Martin quotes the prophetic Vladimir Solovyov (1853-1900), in this regard, to the effect that: “The difficulty lies, in the last resort, in the impossibility of explaining in rational and logical terms the relation between the Creator and the creature. Out apprehension of it must inevitably remain mystical, i.e. metalogical, and can only be expressed in categories that belong to ‘unity of opposites’” (p. 147).
Again, and in short, (and here please think of the theoretical problem of describing color to a colorblind person), the task here, (a problem VonBathasar—quoted in the book—looked at in terms of “Splendor” and “Glory”), is a task of perception: “The supernatural is not there in order to supply that part of our natural capacities we have failed to develop…The same Christian centuries which masterfully knew how to read the natural world’s language of forms were the same ones which possessed eyes trained, first, to perceive the formal quality of revelation by the aid of grace and its illumination and, second, (and only then!), to interpret revelation” (Von Balthasar quoted on p. 85).
I mentioned the courage it took for Professor Martin to bring into his discussion of sophiology the work of Rudolf Steiner, the founder of Anthroposophy, (and Waldorf Schools and Bio-Dynamic Farming, etc.). Though not an orthodox thinker, Steiner did probe deeply into the question of perception and even wrote a book called How to Know Higher Worlds that is really much more sober and grounded that its title might seem to indicate. And the book itself is mentioned in Pavel Florensky’s great sophiological work, The Pillar and Ground of Truth. Perception, (Think Oswald Spengler’s “physionomic eye” and his apocalyptic quote: “One day the last portrait of Rembrandt and the last bar of Mozart will have ceased to be — though possibly a colored canvas and a sheet of notes will remain — because the last eye and the last ear accessible to their message will have gone.”), is the crux of the issue. Perception was of central concern to Goethe, too, and people could do far worse with their time than to spend listening to David Caley’s interview with scientist Arthur Zajonc, or read an introduction to Goethean science at The Nature Institute.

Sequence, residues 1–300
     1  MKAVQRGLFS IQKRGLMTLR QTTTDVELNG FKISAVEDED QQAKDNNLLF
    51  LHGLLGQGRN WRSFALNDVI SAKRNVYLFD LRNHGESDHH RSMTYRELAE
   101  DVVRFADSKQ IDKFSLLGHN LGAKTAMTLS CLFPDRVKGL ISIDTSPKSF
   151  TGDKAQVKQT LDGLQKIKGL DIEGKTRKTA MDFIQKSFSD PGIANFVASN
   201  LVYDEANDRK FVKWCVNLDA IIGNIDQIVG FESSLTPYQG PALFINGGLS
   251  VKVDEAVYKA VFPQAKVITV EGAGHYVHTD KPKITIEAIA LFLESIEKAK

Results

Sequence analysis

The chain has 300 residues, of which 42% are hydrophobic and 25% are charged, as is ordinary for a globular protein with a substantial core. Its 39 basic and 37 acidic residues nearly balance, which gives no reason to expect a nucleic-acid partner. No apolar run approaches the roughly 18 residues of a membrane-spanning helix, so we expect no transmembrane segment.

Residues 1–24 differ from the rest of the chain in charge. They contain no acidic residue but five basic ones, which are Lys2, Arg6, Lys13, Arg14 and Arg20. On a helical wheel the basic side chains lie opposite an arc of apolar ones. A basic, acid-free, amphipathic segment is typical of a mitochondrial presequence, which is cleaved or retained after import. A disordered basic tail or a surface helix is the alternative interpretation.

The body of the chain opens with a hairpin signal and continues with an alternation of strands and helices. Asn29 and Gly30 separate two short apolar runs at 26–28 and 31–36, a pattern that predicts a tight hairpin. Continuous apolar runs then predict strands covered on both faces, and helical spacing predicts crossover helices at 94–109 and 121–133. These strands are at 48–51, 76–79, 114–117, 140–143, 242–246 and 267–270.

Finally, in heralding my favorite sophiologist, John Cowper Powys (who has, I admit, the rather unique distinction of never mentioning ‘sophia’), I can’t recommend too strongly his The Complex Vision (free at archive.org) and many other of his non-fiction works where philosophy is not some intellectual system we keep in our head, but a way of life, along with mental exercises, that has everything to do with attention, perception and imagination. George Steiner, who wrote well of ‘presences’ himself, claimed that Powys was the only 20th century writer on par with Dostoevsky and Tolstoy. Now that’s saying something. Powys has a chapter in the The Complex Vision called, “The Illusion of Dead Matter.” In reading this chapter, as in reading any great work in the sophiological tradition, you get a sense for what might be called the ‘mysteries of matter’, (a word that’s etymologically connection with “mother”). In this time of Lent, reading into this tradition makes passages like Luke’s “the stones themselves will cry out” (Lk 19:40) along with the Resurrection itself, (a stone tomb could not keep Him bound), resonate with splendour and glory. This mystery is, after all, connected to the “Submerged Reality” of Martin’s title. It’s a reality worth exploring.